This LC investigates how to conceptualize freedom and the ways in which it is denied. We will study how bodies have been defined, regulated, and politicized, especially with regard to race, gender, and class. In addition, we will explore how space, particularly in cities, can perpetuate material and cultural inequalities. Finally, this LC invites its students to reimagine freedom in terms of beauty. Therefore, the experiential component of this LC will include visits to some of New York City’s various sites of artistic expression.  

SO103: American Society and Its Social Problems (Dr. John Esser)
SA101: Introduction to Sports Administration (Dr. Margaret Wilkins)
RFT: Reflective Tutorial (Dr. Esser and Dr. Wilkins)

This Learning Community explores strategies to develop city growth, including the role that sports facilities and sports teams may or may not play in developing such growth.  Such “urban development” is considered within a broader American social context characterized by race, gender, class, religious, and ethnic distinctions.  It emphasizes the political and economic development of American cities and the intersection of public and private interests in urban policy-making, with a special focus on New York City.  Students will conduct community-based research around economic development issues in several communities around New York City

MDS103: Business and Society (Dr. Richard LaRocca)
AA250: Introduction to Arts Management (Dr. Penny Brandt)
RFT: Reflective Tutorial (Dr. LaRocca and Dr. Brandt)

This Learning Community (LC) will give students an overview of general business topics and provide an introduction of management of arts organizations. The LC will look at managers and organizations, finance, marketing, profile of the arts and general business management, and fundamentals of leadership and group dynamics. The LC will also examine the importance of ethics and financial literacy and the financial challenges businesses and people are facing not only in the U.S. but in our globalized world as well. Students will be involved in a semester-long business simulation that introduces them to running a business. It is designed to help students learn about the challenges and rewards of making good decisions in a small, service-based business and create an interactive virtual company.

SW 291:  Society and Disabilities (Dr. Holly Bonner)
PS 111:  Child Psychology  (Dr. Carolyn Taverner)
RFT: Reflective Tutorial (Dr. Bonner and Dr. Taverner)

This learning community will explore the physical, psychological and social-emotional experiences of children with disabilities. Students will develop knowledge in skill development, evaluation and communication strategies across a range of disabilities as they impact child development (including those who may be gifted or have learning, mental, physical, or severe disabilities). Students will participate in community-based experiential learning to better understand the unique experiences of children with disabilities and those who work within this population.  This learning community is ideal for students who are passionate about disability studies, psychology and child development and are considering careers in the fields of education, psychology, social work, child development, sociology, physical or occupational therapy.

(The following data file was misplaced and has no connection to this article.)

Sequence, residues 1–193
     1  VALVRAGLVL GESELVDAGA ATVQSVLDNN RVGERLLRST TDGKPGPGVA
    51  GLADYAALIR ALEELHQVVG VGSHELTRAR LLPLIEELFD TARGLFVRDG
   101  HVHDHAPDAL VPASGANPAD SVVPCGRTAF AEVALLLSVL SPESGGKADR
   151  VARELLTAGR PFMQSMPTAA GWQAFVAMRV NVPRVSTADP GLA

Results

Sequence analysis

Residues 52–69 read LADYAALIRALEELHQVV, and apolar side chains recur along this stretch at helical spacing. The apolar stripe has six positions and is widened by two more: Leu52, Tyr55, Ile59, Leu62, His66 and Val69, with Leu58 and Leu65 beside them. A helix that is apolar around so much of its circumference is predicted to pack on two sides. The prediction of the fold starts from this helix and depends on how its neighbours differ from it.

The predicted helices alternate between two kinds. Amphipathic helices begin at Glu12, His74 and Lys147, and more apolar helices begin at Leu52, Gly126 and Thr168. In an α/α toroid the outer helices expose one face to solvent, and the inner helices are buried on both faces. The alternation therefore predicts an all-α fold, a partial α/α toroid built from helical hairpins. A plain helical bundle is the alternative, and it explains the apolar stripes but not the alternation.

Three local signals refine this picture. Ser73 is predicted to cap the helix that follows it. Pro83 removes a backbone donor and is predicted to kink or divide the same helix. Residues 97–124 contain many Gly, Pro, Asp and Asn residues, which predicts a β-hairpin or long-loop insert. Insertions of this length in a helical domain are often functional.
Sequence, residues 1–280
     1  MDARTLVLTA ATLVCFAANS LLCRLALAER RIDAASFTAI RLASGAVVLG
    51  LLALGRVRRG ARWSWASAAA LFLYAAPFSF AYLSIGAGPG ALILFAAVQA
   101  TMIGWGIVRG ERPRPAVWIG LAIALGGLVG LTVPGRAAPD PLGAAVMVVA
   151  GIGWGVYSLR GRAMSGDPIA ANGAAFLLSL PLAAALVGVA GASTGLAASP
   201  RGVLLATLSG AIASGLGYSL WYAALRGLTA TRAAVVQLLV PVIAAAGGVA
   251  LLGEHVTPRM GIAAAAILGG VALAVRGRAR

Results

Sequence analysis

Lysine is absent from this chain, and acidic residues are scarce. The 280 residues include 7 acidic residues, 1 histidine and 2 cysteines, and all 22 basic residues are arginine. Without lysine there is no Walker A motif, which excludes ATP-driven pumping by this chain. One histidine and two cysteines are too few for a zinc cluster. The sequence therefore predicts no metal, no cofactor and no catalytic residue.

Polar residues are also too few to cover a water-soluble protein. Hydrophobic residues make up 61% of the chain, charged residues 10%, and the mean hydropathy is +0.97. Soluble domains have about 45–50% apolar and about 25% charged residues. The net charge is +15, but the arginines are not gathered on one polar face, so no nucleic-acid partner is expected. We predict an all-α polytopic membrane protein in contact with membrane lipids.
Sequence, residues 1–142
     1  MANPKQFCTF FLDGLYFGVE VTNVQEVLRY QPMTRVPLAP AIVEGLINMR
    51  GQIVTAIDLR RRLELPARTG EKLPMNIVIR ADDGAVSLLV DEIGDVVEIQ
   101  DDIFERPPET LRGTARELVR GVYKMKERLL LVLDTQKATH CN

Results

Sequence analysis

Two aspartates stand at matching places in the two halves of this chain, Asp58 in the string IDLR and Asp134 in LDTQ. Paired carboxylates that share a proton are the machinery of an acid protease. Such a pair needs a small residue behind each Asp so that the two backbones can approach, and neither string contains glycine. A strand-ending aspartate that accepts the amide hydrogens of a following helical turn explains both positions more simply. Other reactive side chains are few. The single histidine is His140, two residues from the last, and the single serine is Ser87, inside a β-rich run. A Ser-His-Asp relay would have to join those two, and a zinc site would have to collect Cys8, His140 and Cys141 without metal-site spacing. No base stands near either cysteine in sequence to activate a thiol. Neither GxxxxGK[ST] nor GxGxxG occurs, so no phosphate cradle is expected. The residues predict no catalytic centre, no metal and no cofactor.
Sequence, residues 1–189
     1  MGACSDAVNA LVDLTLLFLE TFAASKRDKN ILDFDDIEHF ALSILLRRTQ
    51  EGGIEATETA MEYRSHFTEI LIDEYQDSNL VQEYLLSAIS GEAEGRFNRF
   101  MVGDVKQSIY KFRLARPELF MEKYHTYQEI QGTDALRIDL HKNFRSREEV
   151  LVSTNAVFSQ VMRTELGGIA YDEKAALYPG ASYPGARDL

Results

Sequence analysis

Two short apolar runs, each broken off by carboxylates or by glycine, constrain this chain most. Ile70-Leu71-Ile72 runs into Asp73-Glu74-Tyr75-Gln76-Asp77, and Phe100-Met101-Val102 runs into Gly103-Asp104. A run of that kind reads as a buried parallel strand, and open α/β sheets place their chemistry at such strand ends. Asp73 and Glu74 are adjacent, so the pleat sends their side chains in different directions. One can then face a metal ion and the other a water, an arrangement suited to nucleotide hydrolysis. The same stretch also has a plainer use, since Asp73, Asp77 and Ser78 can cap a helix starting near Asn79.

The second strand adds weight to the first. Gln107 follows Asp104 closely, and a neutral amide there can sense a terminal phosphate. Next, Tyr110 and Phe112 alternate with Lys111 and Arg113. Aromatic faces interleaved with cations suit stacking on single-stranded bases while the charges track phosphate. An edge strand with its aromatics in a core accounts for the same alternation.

AN206: People and the Environment (Dr. Adam Jadhav)
EN226: American Cultures and Literatures (Dr. Eric Wilson)
RFT: Reflective Tutorial (Professor Jadhav and Dr. Wilson)

This learning community explores our relationship with the environment through the interdisciplinary connections between literature, storytelling, and political ecology. How have writers and filmmakers depicted the environment? What do we mean when we use words like “environment” and “nature”—and do we include ourselves? We will investigate how we understand and narrate the environment and ecological crises past, present and future, and how our framing of them shapes the way we think and act. Our experiential learning will include volunteering for the on-campus chapter of the Food Recovery Network, which fights waste by delivering unused food to nearby communities, or working in the campus composting program. We will also take at least one field trip to a New York City park to reflect deeper on the themes of the course through place.

MI200: Microbiology (Dr. Katherine Moccia)
AR203: Graphic Design I (Dr. Matthew Holben)
RFT: Reflective Tutorial (Dr. Moccia and Dr. Holben)

Imagine you have discovered a potentially dangerous chemical that is leaking into the NYC water system. You need to share the news in a productive way, avoiding widespread panic. How might you get your message to the public in a way that is accurate and approachable to a variety of citizens? In this LC, we will explore the connection between data visualization and public health, and how to communicate data most effectively. We have partnered with a community group that examines health initiatives relevant to the residents of Staten Island. Students in this LC will have firsthand experience with public health initiatives relevant to microbiology, and will learn how to write and design factual and effective public health measures.

Antium Font. Textbooks available on Reserve